So, thank you for those points you raised. So, the issue of cross-bordering I think is a tricky one, and I think there are two primary ways we can deal with this. There are a number of cab drivers who think we should have a cap on the number of taxis who are issued licenses, and that then enables them to earn a good wage, because that gives them economic power, clearly. We balance that against the need for prices to be competitive and for passengers to have a lower price, and certainly the business model of some of these new entry firms, such as Uber and others, has been to lowball the price, and then the driver has to take that pain. So, as I say, it's an emerging picture, and these are quite blunt instruments.

The other option, which I'm more attracted to this stage, is to say, 'Well, let's remove the distinction of a taxi licence issued in Newport, for example, versus a licence issued in Cardiff.' If they have to meet the same standards, then there is no economic incentive for undercutting in a different area, and also, crucially, there's the issue of enforcement. So, if Cardiff local authority can enforce cars, no matter where they've come from, that are in their area, that, I think, allows for a level playing field. At the moment, they can't do that, they can only enforce against Cardiff cabs, which then creates the situation that Jenny Rathbone highlights of Newport cabbies allegedly flooding the Cardiff market on the basis of a cheaper point of entry. So, by equalising the point of entry and equalising the enforcement, I think that is a more equitable way of dealing with the problem that she describes. But there are other views on that, and that is a debate that is still ongoing.

I think the more difficult issue that is emerging is of taxis licensed by authorities in England—I'm aware in particular of Wolverhampton being a centre where taxi firms can be licensed at a lower standard, and who then operate right across the UK, and there are some incidences of that happening in the Valleys in Rhondda Cynon Taf at the moment, and that's something we're becoming aware of and are keen to look into and think through what options we might have to be able to deal with that.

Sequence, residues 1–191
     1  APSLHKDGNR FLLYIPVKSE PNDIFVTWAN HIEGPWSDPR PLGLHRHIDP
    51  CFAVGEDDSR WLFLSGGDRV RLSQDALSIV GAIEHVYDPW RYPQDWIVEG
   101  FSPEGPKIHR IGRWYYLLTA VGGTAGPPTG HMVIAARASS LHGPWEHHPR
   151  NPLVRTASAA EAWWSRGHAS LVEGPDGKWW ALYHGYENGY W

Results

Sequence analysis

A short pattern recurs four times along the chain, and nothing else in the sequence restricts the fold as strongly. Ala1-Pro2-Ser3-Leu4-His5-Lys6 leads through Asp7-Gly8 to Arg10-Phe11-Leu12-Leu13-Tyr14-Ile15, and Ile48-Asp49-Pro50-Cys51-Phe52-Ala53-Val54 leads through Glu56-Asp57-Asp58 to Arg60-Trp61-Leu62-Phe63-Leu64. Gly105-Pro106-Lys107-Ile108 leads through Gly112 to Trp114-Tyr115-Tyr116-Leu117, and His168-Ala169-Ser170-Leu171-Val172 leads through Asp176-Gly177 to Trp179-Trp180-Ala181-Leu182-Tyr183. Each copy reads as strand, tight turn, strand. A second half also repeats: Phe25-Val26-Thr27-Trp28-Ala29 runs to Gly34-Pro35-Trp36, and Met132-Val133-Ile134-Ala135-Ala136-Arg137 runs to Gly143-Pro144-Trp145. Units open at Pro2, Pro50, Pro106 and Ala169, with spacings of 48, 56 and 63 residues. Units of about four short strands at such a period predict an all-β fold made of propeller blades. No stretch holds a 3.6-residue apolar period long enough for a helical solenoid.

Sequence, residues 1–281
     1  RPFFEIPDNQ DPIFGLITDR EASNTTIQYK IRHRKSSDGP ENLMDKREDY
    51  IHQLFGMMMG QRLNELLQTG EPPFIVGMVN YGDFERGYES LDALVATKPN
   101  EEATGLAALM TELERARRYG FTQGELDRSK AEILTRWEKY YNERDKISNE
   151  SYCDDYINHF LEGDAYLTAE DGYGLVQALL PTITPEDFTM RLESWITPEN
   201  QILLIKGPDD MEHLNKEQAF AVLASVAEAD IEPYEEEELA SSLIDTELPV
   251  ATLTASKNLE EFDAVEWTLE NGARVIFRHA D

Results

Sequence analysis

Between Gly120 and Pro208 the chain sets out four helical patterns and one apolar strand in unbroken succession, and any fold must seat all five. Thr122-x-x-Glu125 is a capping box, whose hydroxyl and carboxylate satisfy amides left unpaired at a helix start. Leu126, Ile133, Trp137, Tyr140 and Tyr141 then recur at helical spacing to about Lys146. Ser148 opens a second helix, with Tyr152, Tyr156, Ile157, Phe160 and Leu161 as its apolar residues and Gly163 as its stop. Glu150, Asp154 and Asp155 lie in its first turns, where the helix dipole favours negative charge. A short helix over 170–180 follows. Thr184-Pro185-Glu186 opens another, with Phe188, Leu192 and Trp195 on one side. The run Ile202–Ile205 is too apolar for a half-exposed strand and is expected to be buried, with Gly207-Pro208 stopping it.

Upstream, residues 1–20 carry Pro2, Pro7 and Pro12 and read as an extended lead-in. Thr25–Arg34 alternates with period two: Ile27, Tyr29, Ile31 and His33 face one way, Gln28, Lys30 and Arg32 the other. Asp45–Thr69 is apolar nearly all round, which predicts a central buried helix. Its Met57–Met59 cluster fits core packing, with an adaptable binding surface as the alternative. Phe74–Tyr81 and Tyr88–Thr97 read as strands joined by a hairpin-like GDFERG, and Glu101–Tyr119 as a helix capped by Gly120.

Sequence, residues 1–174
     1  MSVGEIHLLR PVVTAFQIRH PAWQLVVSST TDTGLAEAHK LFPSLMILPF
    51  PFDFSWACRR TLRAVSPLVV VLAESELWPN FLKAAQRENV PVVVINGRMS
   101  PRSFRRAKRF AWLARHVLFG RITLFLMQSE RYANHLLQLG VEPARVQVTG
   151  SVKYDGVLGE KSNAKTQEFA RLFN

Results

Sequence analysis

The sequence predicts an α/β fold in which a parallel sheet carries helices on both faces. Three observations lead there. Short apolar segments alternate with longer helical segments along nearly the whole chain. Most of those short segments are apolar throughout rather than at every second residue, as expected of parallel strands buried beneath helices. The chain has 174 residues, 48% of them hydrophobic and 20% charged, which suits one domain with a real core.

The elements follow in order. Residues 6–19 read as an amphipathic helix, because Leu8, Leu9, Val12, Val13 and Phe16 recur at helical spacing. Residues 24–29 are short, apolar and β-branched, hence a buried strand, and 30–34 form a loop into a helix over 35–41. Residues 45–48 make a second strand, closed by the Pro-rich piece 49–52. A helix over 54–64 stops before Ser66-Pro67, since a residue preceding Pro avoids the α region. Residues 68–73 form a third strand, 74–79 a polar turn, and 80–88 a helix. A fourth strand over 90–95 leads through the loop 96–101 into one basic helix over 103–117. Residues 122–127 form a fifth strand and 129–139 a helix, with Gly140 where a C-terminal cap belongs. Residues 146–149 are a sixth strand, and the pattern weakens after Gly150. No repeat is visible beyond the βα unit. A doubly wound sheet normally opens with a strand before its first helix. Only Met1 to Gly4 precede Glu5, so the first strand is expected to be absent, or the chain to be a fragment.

On the issue of the Centre for Digital Public Services, when we were discussing the design of the consultation on the White Paper, one of the proposals was to have a large database where all local authorities could share data, so they could look at registrations, they could look at cancellations and the data collected. I'm very nervous about the creation of large new computer software programmes to create databases, so, rather than jump to an IT solution, I've asked the Centre for Digital Public Services to work with us and the sector to focus on user need, and this is part of the Wales digital strategy, and use the skills of service design to understand what the problem is and to build a solution. That may well be a IT solution; it may not be, it may be something that already exists—that's what's being explored. I think that's a sensible way to approach the problem.

Photo of Gareth Davies Gareth Davies Conservative 4:03, 3 October 2023

Thank you very much for your statement this afternoon, Deputy Minister, and of course, as we know, taxis and private hire vehicles play a significant role in transporting the public from A to B in a timely and sufficient manner. And the transition to electric vehicles would be more welcomed by the industry if the Welsh Government were committed to expanding EV infrastructure, as there are fewer charging points in all of Wales than just two boroughs of London. So, what consideration has the Deputy Minister given to fleet management within taxi companies when transitioning to electric vehicles, as the taxi companies that I’ve spoken to locally in my constituency are anxious about EV, as they have to regularly service vehicles, more so than the average car, and rightly so? But could the Deputy Minister explain how transition can be achieved in a way that isn’t detrimental to the existing fleet they have and the finances used to purchase and maintain such vehicles?

Photo of Lee Waters Lee Waters Labour 4:04, 3 October 2023

Thank you. I think it’s a false comparison between Wales and London, simply on economic grounds. The reason why two boroughs of London have as many EVs as Wales is because they are wealthy and they are able to afford expensive cars, and the market then overserves that geography in providing charging infrastructure, plus they have a better power grid than we have. So, we’re not comparing like with like there. As we’ve said a number of times, the charging infrastructure in Wales is equivalent per head to the charging infrastructure elsewhere in the county. We have fewer electric vehicles. Now, that will change and it will change quickly, as the technology develops, as the price comes down, as the second-hand car market emerges. So, I'm not overly anxious about that. I think that will take care of itself. Obviously, the decision by the UK Government to change the target for the stopping of the sale of petrol and diesel engines doesn't help that take-up, but I notice the market is probably going to ignore that, and a large number of manufacturers have said they're going to stick to the 10-year target regardless.